irrigation and drainage systems," said Holger Kray, the World
Bank's lead officer for agriculture and rural development in
Europe and Central Asia.
"Unfortunately, these systems have degraded, eroded," Kray
told Reuters by telephone from Washington. "This is not only
about functional budgetary shortages but also frequent turnover
in the management of these systems."
Mate Brlosic, head of the Croatian Agriculture Chamber, said
corn would be "as rare as gold" in Croatia this year.
"The recovery will last several years for vineyards and
orchards, and livestock farming will also feel the impact for
years, due to lack of cattle food," he told Reuters on Monday.
"We've not had a clear agricultural strategy for 20 years.
Regulations change with every change of power."
The difference upgraded farming methods can make is
illustrated by a few green fields in Bosnia's breadbasket
"We have used modern technology to improve the water regime
in some fields and switched to a new animal feeding mix,"
Dzenadin Veispahic, general manager of the privately owned
Spreca dairy farm, told Reuters.
Even then, the drought will cost the farm more than $300,000
"We are on yellow alert regime when it comes to cattle
watering," he said, meaning the farm was negotiating with local
authorities to tap river water and enlist the help of the fire
Vladimir Usorac, head of the farmers' association in
Bosnia's Serb Republic, said the effects of bad harvests were
cumulative. "This is the fourth consecutive year that
agriculture has suffered enormous losses because of bad weather,
and many producers will not have the means to start the
production cycle next year," he said.
Experts estimate it would cost about $2.5 billion to
overhaul irrigation networks in Serbia, the biggest agricultural
producer in the former Yugoslavia.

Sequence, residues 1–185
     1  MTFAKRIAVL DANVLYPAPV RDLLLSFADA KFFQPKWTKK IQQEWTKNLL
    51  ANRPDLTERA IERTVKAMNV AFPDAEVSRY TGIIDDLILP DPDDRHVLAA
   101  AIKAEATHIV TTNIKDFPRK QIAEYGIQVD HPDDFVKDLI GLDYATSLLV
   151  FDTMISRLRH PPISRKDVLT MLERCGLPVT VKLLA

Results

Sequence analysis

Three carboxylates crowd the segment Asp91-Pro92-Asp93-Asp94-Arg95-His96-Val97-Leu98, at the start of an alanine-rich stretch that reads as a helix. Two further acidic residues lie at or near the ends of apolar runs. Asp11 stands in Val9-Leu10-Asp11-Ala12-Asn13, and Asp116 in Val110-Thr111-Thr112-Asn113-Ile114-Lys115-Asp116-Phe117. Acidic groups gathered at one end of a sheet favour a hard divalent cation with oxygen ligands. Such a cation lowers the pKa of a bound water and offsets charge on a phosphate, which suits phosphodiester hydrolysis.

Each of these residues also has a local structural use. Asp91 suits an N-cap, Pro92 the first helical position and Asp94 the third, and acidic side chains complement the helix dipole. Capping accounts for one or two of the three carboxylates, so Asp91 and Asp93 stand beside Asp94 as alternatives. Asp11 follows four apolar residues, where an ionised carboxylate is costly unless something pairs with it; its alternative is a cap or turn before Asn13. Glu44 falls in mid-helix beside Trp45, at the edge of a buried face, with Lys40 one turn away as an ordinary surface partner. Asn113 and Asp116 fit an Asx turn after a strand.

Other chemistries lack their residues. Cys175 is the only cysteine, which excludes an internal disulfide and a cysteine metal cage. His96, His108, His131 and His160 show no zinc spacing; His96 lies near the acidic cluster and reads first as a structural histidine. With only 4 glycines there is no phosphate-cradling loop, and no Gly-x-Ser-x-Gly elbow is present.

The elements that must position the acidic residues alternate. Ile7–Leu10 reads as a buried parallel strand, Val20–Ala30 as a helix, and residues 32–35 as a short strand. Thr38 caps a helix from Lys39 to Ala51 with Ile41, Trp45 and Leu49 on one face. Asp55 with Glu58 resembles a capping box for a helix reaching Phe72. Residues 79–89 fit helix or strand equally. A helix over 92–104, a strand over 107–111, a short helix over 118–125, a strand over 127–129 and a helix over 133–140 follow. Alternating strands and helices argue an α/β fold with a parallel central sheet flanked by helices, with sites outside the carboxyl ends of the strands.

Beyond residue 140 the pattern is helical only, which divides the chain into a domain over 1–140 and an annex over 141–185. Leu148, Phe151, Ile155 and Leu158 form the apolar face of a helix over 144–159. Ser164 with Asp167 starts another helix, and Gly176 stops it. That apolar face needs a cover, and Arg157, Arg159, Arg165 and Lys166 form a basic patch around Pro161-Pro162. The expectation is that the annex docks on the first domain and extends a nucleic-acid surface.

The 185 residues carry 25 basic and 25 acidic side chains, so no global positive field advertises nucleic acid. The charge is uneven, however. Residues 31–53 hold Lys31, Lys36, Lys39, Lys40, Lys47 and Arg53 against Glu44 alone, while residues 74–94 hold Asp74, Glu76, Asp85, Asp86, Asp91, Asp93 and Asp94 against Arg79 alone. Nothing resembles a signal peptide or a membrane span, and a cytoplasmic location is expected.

But there is little sign of such a long-term strategy
emerging. The focus, instead, is on emergency remedies.
In Serbia, where the corn yield is expected to be half the
projected 7 million tonnes, trade officials last week called on
the government to ban the export of grain, in particular corn,
soybean, sunflower seed and wheat.
Such a move would spell additional uncertainty for regional
markets, particularly Bosnia, which have traditionally relied on
Serbia in the event of shortages.
Croatian unions want tax on food cut so producers are not
priced out of the market, but the government is resisting.
Agriculture Minister Tihomir Jakovina said the Croatian
government was considering a partial lifting of fees on the
lease of agricultural land and increasing customs fees on
exports of grain and corn to avoid shortages.
The only glimmer of hope for Croatia is the EU funds that
will become available when it becomes the bloc's 28th member in
July next year, money that could be invested in a long-term
strategy to revive farming.
Deputy Prime Minister Radimir Cacic has compared the
country's approach to agriculture to that of "primitive tribes".
"If there is rain, there will be crops, there will be
electricity," he said in the run-up to last year's election. "If
there is drought, there'll be nothing. This has to change."
(Additional reporting by Zoran Radosavljevic in Zagreb and Matt
Robinson in Belgrade; Editing by Matt Robinson and Pravin Char)